Shareholders have a private right of action to challenge the company’s omission of a shareholder proposal.

  1. Since the statute says “must”, the only way that the company can refuse to include a procedurally acceptable proposal is if one of the exclusions apply.
  2. The 3 most important exclusions:
    1. Rule 14a-8(i)(1)- The proposal is not a proper subject for action by the shareholders under the laws of the state where the corporation is incorporated.
    2. Rule 14a-8(i)(5)- The proposal relates to operations which account for less than 5% of the corporation's total assets and less than 5% of net earnings and gross sales [i.e. revenues] and is not otherwise significantly related to corporation's business.
    3. Rule 14a-8(i)(7)- The proposal concerns a matter pertaining to the ordinary business operations of the corporation. (Roosevelt v. Du Pont)
  3. Another exception is if the proposal was submitted for the purpose of promoting general economic, political, racial, religious, social or similar causes. (Medical Committee)

Historically, fewer than 10% of such social issue shareholder proposals receive 15% or more of the shares voted. Even if a shareholder proposal is not approved by the shareholders, such a proposal can be an effective public relations tool for an activist shareholder who can use a shareholder proposal to highlight a company policy to which the shareholder objects. Negative publicity associated with a shareholder proposal may ultimately pressure management to change its policies.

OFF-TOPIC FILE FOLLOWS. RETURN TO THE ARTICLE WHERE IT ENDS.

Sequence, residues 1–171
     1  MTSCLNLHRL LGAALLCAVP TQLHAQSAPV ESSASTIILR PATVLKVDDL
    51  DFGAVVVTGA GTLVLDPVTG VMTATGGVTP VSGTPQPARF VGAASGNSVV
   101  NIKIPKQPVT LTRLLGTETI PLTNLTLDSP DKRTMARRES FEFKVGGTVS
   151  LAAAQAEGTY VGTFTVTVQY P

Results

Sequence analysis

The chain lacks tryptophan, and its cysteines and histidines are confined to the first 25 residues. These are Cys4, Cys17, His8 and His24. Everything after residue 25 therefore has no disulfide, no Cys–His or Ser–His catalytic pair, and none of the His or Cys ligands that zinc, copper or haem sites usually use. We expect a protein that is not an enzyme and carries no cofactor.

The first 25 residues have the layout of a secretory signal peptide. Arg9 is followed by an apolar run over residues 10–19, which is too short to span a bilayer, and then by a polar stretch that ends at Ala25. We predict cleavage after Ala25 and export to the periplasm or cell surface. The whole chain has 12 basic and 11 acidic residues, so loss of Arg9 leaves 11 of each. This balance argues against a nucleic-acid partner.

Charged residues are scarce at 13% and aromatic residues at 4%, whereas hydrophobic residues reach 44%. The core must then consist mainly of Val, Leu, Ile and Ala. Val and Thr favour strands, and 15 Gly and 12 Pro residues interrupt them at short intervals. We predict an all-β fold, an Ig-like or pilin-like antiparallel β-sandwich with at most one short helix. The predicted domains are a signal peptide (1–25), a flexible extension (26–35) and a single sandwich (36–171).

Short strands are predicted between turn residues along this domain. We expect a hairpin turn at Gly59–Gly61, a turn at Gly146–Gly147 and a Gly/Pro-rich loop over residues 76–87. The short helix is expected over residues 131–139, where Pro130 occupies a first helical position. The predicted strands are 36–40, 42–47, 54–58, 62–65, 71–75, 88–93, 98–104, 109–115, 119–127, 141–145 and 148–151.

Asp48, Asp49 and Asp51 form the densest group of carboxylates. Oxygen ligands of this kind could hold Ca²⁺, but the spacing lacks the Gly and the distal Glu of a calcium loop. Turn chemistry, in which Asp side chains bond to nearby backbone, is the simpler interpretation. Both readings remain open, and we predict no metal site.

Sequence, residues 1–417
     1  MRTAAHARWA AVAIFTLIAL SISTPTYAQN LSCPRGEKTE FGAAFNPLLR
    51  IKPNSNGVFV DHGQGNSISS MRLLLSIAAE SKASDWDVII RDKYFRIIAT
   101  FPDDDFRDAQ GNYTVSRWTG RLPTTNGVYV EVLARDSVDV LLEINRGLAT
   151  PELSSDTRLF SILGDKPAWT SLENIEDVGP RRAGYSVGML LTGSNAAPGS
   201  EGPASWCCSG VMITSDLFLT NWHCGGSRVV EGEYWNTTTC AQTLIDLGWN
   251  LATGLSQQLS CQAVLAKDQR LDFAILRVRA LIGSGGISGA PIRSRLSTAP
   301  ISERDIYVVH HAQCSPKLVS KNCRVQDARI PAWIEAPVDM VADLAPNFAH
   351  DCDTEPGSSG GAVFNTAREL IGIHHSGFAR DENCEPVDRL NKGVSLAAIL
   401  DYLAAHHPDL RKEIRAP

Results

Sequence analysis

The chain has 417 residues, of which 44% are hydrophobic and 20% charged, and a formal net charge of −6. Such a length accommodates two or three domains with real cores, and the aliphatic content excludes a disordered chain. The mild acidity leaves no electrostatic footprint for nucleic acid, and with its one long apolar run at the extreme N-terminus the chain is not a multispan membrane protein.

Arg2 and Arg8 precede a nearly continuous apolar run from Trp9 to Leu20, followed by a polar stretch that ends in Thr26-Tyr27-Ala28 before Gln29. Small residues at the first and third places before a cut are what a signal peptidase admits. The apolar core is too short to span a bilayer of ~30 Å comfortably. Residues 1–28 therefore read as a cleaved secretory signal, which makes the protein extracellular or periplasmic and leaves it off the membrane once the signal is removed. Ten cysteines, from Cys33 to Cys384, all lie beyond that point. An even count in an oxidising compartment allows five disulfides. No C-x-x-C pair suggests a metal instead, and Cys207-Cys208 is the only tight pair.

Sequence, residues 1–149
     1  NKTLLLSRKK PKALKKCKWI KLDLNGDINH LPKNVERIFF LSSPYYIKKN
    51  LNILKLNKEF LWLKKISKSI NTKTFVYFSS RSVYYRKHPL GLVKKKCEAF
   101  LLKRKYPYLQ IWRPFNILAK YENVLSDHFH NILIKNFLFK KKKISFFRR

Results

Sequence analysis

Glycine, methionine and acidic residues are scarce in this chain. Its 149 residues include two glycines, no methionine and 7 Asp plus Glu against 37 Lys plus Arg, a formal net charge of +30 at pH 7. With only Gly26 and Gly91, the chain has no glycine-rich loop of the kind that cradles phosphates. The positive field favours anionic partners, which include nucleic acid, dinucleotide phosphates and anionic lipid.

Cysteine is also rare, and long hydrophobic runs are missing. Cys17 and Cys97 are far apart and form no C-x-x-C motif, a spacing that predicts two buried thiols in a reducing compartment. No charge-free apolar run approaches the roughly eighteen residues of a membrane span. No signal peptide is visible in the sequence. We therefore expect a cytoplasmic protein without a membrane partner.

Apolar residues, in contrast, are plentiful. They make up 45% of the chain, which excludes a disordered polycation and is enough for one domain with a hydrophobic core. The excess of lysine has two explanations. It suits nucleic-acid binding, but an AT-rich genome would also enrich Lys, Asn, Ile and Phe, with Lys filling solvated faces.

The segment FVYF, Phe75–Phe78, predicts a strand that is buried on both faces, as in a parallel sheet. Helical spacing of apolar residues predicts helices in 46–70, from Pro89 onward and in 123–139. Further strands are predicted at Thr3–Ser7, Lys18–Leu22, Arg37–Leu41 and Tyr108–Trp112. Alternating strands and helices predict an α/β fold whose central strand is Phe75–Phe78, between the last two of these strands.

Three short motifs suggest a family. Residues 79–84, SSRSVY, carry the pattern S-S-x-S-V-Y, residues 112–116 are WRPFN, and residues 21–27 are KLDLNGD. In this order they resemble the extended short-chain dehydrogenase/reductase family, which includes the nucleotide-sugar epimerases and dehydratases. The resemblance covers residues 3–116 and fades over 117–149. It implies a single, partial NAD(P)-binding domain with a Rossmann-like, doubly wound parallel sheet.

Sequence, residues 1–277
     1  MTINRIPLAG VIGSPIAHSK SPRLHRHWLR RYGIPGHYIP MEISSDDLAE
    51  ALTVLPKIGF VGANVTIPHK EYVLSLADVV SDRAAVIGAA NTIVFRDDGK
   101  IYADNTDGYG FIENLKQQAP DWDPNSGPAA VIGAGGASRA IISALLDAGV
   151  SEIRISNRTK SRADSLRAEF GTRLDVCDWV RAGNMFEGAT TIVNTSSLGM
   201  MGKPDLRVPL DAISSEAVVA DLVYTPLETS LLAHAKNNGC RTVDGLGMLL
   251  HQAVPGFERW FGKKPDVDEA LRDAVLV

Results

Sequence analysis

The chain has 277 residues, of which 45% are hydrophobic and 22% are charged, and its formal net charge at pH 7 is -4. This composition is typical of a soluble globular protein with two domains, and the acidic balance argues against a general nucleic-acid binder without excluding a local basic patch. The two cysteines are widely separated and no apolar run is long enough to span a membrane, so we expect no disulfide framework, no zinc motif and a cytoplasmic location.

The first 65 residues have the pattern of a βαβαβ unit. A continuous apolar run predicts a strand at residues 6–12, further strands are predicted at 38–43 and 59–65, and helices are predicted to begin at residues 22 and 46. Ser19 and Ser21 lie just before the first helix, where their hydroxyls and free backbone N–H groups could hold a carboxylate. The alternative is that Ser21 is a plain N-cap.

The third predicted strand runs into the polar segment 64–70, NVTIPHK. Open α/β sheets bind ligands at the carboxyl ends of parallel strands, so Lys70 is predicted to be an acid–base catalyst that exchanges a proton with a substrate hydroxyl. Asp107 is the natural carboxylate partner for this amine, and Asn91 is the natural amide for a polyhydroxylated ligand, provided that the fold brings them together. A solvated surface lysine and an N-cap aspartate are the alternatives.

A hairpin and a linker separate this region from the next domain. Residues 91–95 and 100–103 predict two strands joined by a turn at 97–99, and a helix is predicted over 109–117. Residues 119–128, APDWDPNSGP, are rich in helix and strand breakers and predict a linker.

D. Antifraud Liability

Rule 14a-9 False or Misleading Statements- “No solicitation shall be made…containing any statement which, at the time…is false or misleading with respect to any material fact, or which omits to state any material fact necessary in order to make the statements therein not false or misleading, or necessary to correct any statement with respect to the solicitation of a proxy for the same meeting or subject matter which has become false or misleading.”

Very similar to elements of Rule 10b-5 claim.

Elements of a cause of action under Rule 14a-9:
  1. Standing
    1. Rule 14a-9 provides a private right of action. (J.I. Case Co. v. Borak)
    2. The shareholder must have been subject of the proxy statement (entitled to vote at time of proxy solicitation).
    3. But individual shareholders need not have actually read or relied upon the proxy statement. (Cowin v. Bresler)
  2. Materiality
    1. Similar materiality tests from Rule 10b-5. Whether the fact would have been important to a reasonable shareholder’s decision on how to vote.